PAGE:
Rock singer Chrissie Hynde has got herself into trouble with women’s groups for suggesting that when a pretty young girl goes to hang with a biker gang while wearing next to nothing and out of her face on drugs she is kind of asking to be raped.
Luckily, on BBC Radio 4 this morning, a woman called Laura Bates, British-Empire-Medal-winning founder of the “everydaysexism” project, was on hand to explain why Hynde’s antediluvian views are wrong, wrong, wrong!
They are, young Laura told us – with all the benefit of her 29 years in such hellholes as a Somerset private school, St John’s College, Cambridge and the BBC studio where Woman’s Hour is recorded – a classic case of “victim-blaming.”
When a woman gets raped, Laura explained, it is never in any way her fault and has nothing whatsoever to do with how provocatively or otherwise she is dressed. That’s because all rape is an expression of “power and control”, not of sexual attraction.
As a potential rapist myself – well, isn’t that what Laura and her mates like to say: that we live in “rape culture” and that “all men are rapists”? – I’m not sure this theory quite washes.
Perhaps I’m unusual in this regard and some of my fellow
men rapists can tell me where I’m going wrong. But I do reckon that if I were prowling the streets at night looking for someone to pounce on and it came down to two candidates – one in an Andrea Dworkin body suit; the other resembling Miley Cyrus in that outfit where she’s dressed in nothing but white thigh-length boots and a few strategically placed giant M&Ms – I think I know which way I’d turn.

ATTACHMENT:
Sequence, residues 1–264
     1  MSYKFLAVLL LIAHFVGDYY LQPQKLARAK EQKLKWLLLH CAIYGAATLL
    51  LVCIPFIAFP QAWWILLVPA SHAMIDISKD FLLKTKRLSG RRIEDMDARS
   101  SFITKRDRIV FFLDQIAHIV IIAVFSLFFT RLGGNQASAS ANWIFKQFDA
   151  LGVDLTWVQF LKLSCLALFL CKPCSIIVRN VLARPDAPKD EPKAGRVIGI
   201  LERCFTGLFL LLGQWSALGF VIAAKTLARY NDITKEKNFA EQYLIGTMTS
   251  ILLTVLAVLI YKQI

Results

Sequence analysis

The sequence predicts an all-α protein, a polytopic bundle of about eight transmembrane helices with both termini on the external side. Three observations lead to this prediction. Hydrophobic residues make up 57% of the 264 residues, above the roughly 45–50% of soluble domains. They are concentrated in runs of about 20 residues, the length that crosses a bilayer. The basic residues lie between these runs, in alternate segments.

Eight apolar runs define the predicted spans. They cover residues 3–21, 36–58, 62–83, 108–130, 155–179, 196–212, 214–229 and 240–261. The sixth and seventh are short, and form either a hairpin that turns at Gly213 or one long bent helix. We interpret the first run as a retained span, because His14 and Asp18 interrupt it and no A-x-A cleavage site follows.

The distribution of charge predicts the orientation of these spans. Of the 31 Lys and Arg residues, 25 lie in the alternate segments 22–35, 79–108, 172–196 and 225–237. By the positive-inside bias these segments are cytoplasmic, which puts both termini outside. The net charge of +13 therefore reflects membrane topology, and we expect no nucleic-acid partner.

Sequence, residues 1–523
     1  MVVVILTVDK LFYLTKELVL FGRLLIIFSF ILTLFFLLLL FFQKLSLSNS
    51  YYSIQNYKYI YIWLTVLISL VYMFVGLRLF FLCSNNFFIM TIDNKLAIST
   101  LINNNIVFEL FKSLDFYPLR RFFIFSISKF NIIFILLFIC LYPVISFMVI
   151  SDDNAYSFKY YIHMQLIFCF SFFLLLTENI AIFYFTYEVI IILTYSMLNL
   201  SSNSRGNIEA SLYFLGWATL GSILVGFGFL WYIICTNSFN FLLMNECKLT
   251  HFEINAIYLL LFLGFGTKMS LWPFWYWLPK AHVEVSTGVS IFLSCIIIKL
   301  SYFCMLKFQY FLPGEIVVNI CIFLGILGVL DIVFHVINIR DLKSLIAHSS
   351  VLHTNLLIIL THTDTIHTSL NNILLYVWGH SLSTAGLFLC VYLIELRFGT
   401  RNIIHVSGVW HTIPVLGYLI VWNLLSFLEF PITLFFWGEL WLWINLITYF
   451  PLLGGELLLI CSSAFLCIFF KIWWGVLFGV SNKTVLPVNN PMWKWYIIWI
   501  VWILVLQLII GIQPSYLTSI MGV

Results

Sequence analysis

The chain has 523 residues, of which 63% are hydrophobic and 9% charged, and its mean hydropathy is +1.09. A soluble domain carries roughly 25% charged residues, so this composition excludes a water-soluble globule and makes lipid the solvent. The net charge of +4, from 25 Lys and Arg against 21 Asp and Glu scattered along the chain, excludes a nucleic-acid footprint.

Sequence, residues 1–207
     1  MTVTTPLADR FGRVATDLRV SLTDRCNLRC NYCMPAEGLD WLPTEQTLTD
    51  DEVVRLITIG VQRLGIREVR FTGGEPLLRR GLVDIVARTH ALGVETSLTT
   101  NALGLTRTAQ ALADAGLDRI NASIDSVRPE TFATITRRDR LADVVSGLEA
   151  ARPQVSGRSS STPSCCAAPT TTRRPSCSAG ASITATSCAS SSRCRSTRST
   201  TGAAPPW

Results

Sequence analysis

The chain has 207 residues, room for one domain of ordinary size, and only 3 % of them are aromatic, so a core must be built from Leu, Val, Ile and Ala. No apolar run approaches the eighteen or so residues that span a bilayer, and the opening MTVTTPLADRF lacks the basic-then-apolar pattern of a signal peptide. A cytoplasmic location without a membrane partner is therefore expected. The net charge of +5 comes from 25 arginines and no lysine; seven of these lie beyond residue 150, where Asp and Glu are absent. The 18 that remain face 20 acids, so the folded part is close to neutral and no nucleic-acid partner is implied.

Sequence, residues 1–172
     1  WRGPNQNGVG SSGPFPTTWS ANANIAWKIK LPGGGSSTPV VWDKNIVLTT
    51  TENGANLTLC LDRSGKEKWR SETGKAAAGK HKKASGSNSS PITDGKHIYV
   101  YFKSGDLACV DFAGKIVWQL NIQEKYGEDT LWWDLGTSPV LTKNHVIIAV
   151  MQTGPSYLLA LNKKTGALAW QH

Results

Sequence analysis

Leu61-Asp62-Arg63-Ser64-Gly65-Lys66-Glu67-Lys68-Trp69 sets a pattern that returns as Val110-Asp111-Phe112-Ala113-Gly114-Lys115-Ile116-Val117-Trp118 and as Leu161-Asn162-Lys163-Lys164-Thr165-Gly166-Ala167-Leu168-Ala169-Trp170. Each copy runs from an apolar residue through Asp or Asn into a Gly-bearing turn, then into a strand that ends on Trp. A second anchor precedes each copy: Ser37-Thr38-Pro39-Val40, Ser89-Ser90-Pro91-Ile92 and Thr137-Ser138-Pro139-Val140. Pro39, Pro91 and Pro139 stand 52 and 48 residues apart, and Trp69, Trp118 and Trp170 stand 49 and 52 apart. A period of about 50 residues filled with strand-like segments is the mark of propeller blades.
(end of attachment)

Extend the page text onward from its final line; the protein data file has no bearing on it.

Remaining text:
Though I’d agree with Laura that no woman deserves to be raped – any more than she deserves to be mugged or burgled or car-jacked or sucked into one of those scams where a Nigerian gentleman you’ve never heard of offers to put millions of dollars into your account if only you’ll give him your bank details – her implication that women are helpless victims who cannot expect to enjoy any control whatsoever over their fate seems to me at best naive and at worst outrageously misogynistic.
Chrissie Hynde was speaking from bitter experience.
In her new autobiography Reckless she describes how, aged 21, she went out high on Quaaludes and wearing next to nothing, she attracted the unwelcome attentions of an Ohio biker gang which promised to take her to a party and instead took her to an empty house where she was threatened with violence and sexually abused.
She told the Sunday Times Magazine: ‘This [the sexual assault] was all my doing and I take full responsibility. You can’t **** about with people, especially people who wear “I Heart Rape” badges… those motorcycle gangs, that’s what they do.
‘You can’t paint yourself into a corner and then say whose brush is this? You have to take responsibility. I mean, I was naive…’
Asked if the gang had taken advantage of her vulnerability, she replied: ‘If you play with fire you get burnt. It’s not any secret, is it?’
Laura Bates, on the other hand, is talking pie-in-the-sky theory.
I think I know which of the two I’d rather have had on the BBC this morning advising vulnerable young women on the best way to preserve their safety and dignity. But hey what do I know: I’m just an everydaysexist.